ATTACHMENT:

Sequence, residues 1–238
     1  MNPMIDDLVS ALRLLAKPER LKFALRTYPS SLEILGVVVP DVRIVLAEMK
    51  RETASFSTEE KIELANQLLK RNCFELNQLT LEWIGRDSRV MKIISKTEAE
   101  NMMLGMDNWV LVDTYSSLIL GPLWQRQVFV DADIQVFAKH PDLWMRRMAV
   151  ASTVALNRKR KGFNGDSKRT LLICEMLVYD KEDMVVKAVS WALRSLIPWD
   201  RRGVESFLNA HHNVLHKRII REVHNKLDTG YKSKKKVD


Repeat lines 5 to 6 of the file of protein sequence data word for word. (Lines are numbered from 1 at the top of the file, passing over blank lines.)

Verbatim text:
   151  ASTVALNRKR KGFNGDSKRT LLICEMLVYD KEDMVVKAVS WALRSLIPWD
   201  RRGVESFLNA HHNVLHKRII REVHNKLDTG YKSKKKVD